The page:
Here at EdSpace we follow the Victorian Curriculum as our learning pathway. 

I am who I am 

As parents and educators we need to remember that we do not change who our students are. Their particular issues are lifelong. What we can do is minimise the impact of their difficulties by supporting them to learn. This is very important. The difference between a talented amateur and an Olympic medallist is good coaching and training. All of our students have the capacity to learn, achieve and succeed. This is why it is important to focus on strengths rather than difficulties. We also need to be aware that our students have developmental delays, which mean that they may achieve their goals later in life than others.

Learning to Learn

As a rule, sitting in a classroom listening or reading is less effective for learning (especially for our students) than other strategies that engage all of the senses. Experiential learning and Applied learning means learning in a particular environment while engaged in an activity. It allows access to experiences that the students would otherwise not have. It uses the skills developed in the classroom setting to put the learning into context in real life.

To learn best, our students need very small groups, with lots of visual instruction and structure, consistent support, but the flexibility to deal with problems when they arise. 

Our students have short recess times at school, as this is the time of day when most problems occur in mainstream schools (because of lack of structure). This compensates for the fact that our students don’t do homework. They cover more work at school, and there is little evidence that homework makes much difference in this context. Having said that, some of our students choose to do homework voluntarily!

Many of our students need scaffolding in areas to help them learn. This means using tools to help them deal with areas that they find difficult, so that they can concentrate on the important things that they need to learn. This can be as simple as tools like a spell checker, dictionary or calculator, or more complex tools that help with generating ideas or decision-making.

Vocational education and training

EdSpace offers a highly structured environment with an emphasis on appropriate use of Information Technology (IT) for delivery of programs. Individual education plans are devised through team assessment with a focus on student strengths. EdSpace is registered to provide the Victorian Certificate of Applied Learning (VCAL), a hands-on option for years 10 to 12.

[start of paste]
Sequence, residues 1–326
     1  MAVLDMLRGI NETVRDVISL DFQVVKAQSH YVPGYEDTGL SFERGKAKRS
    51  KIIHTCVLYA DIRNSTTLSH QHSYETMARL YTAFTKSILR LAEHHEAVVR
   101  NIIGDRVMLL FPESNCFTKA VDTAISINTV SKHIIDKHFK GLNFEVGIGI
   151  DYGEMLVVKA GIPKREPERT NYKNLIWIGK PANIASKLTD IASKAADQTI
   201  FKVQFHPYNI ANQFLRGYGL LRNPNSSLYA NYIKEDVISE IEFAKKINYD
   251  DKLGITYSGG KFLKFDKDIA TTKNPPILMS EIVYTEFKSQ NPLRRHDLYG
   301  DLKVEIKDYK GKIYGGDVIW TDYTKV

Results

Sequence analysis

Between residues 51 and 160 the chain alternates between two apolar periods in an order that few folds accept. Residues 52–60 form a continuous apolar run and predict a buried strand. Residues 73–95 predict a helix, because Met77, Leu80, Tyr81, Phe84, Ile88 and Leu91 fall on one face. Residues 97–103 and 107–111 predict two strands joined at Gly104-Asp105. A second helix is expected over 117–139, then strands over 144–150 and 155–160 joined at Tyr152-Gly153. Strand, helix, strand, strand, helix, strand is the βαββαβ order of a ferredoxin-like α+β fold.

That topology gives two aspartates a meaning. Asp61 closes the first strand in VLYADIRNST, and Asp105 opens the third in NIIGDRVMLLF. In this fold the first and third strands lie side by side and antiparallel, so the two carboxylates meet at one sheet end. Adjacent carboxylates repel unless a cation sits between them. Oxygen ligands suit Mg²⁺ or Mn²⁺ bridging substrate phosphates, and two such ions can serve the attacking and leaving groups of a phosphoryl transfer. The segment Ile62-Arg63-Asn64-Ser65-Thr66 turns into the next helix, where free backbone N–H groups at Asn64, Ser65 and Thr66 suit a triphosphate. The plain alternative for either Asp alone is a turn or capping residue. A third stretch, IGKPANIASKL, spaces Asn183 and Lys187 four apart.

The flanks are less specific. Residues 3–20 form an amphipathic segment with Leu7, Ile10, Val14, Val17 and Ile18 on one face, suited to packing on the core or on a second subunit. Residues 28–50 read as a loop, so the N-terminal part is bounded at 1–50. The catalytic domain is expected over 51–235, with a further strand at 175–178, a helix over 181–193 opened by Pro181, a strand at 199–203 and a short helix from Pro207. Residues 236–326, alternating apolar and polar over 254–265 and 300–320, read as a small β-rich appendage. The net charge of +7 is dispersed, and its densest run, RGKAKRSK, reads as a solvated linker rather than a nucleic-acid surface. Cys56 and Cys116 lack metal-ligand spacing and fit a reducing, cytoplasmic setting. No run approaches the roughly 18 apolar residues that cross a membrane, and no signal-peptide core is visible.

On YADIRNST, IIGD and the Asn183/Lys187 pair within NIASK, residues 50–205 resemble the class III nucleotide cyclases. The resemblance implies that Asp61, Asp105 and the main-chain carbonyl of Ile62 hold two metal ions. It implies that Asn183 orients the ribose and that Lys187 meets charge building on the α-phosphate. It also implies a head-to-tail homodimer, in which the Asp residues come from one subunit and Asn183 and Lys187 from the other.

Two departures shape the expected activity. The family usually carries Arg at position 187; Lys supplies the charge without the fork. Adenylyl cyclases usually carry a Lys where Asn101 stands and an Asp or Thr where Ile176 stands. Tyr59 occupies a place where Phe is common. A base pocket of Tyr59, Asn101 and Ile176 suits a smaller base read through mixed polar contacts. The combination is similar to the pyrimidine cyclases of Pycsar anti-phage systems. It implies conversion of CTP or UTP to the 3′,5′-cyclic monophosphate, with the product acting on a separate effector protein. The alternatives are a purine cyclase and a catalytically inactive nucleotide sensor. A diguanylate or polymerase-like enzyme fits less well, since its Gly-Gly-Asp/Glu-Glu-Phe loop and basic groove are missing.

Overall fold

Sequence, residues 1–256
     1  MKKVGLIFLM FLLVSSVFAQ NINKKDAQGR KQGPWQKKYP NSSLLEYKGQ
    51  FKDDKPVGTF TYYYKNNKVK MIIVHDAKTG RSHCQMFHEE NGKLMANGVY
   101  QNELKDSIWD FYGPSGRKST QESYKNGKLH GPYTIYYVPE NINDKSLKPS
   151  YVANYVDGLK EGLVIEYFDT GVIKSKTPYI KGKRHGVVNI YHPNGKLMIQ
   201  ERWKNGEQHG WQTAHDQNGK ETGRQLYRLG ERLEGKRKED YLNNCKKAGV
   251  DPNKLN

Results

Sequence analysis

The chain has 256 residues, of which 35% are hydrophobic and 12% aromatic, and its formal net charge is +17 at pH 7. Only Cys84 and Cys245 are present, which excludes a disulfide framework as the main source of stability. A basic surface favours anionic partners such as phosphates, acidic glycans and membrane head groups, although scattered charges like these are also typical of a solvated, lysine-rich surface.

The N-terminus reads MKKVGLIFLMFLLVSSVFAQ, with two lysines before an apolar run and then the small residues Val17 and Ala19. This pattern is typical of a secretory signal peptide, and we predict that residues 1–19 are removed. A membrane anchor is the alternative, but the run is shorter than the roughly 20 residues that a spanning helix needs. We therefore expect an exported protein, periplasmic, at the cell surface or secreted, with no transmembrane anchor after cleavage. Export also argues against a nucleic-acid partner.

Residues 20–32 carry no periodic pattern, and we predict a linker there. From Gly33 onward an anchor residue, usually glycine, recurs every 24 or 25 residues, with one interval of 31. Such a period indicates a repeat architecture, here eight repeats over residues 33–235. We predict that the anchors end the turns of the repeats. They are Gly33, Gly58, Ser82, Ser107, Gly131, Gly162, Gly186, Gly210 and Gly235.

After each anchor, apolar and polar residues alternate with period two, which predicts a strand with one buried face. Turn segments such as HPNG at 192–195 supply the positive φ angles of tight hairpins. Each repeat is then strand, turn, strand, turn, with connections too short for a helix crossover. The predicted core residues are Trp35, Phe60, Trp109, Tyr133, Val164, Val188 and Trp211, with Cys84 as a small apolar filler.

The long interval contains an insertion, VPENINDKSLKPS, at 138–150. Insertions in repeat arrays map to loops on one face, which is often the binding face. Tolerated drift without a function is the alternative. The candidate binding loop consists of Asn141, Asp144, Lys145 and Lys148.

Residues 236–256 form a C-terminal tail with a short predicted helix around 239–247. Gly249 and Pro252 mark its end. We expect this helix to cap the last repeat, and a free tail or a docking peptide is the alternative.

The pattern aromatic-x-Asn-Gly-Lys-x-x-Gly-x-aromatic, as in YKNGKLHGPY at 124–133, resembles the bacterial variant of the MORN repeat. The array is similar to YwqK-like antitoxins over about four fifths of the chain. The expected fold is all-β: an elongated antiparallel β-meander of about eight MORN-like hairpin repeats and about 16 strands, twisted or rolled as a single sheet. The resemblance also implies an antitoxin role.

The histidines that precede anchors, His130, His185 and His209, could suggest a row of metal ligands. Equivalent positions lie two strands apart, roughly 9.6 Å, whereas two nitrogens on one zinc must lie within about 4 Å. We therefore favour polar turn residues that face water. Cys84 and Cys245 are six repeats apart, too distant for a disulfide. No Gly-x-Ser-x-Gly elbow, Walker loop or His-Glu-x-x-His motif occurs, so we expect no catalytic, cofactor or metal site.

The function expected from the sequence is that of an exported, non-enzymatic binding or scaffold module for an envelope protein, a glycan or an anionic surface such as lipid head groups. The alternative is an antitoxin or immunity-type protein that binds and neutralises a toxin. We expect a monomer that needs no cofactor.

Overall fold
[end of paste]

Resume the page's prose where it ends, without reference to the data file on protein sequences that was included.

On successful completion of VCAL students receive a certificate and a statement of results that details the area of study completed. Vocational education and training (VET) programs provide a pathway for students’ interests and credits towards VCAL.

Mental Health and social skills

Mental health support is available when needed firstly through the Principal Maggie Fanning, who in addition to being a qualified teacher is a Registered Nurse with a Graduate Certificate qualification in Family Child and Adolescent Health. Brian Winter, a Registered Mental Health Nurse is working throughout the school day with students and is available fortnightly for family support meetings.

More complex health needs are met through ready access to a GP, Dr David Rodgers, and then referral to a range of support services if needed, which in the past has included private psychologists, NECAMHS (North East Child and Adolescent Mental Health Service), paediatricians, paediatric psychiatrist and the GP based mental health nurse. Maggie and David as Rodgers Medical Services will be registering as a provider with the NDIA.

Managing Problems

Difficult behaviours and challenges will always occur, and not infrequently students arrive at EdSpace with the experience of punishments in the past, which haven’t necessarily changed things. EdSpace uses the model of ABC (Antecedent, Behaviour, Consequence), which looks at the underlying causes of problem behaviours and attempts to deal with it at that level.

Good communication between school and family is the key to sorting out issues. When a problem does occur at school, there is a meeting between the student or students concerned (the whole group if appropriate) and the teacher, and the event is worked through (a mediation process). Often there are misunderstandings of social interactions as a significant part of the problem. Specific tools, such as social stories, and social autopsies are used to work through the causes, and consequences of behaviours, and are very helpful. There is good evidence that a focus on positive behaviours is much more effective in the long run than punishment.


Our Curriculum Policy